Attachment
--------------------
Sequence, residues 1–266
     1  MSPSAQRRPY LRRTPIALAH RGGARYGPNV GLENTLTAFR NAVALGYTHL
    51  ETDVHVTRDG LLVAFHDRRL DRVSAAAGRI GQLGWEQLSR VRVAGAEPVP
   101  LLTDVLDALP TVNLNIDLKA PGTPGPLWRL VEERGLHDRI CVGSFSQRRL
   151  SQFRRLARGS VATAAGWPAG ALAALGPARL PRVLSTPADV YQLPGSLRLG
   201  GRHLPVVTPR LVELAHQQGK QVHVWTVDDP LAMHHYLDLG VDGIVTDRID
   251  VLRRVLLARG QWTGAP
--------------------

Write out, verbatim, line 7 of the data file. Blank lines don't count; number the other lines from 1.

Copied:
   251  VLRRVLLARG QWTGAP